Cache-Based Architectures for High Performance Computing

Report No. ARL-MR-528
Authors: Daniel M. Pressel
Date/Pages: February 2002; 21 pages
Abstract: Many researchers have noted that scientific codes perform poorly on computer architectures involving a memory hierarchy (cache). Furthermore, a number of researchers and some vendors concluded that simply making the caches larger would not solve this problem. Alternatively, some vendors of HPC systems have opted to equip their systems with fast memory interfaces, but with a limited amount of on-chip cache and no off-chip cache. Some RISC-based HPC systems supported some sort of prefetching or streaming facility that allows one to more efficiently stream data between main memory and the processor (e.g., the Cray T3E). However, there are fundamental limitations on the benefits of these approaches which makes it difficult to see how these approaches by themselves will eliminate the "Memory Wall." It has been shown that if one relies solely on this approach for the Cray T3E, one is unlikely to achieve much better than 4-6% of the machine's peak performance. Does this mean that as the speed of RISC/CISC processors increases, systems designed to process scientific data are doomed to hit the Memory Wall? The answer to that question depends on the ability of programmers to find innovative ways to take advantage of caches. This report discusses some of the techniques that can be used to overcome this hurdle allowing one to consider what types of hardware resources are required to support these techniques.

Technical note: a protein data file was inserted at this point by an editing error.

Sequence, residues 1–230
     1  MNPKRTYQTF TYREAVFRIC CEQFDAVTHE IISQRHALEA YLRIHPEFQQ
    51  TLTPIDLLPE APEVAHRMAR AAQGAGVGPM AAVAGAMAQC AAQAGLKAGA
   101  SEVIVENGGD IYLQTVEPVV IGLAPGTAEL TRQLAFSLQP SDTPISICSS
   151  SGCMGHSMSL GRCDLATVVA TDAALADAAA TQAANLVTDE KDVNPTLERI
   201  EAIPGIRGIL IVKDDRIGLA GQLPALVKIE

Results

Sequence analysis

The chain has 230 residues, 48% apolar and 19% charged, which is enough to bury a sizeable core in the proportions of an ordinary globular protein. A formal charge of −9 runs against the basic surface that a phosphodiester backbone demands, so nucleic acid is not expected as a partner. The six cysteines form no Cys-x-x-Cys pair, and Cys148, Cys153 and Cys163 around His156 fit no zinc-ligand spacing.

Distribution: Approved for public release
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Last Update / Reviewed: February 1, 2002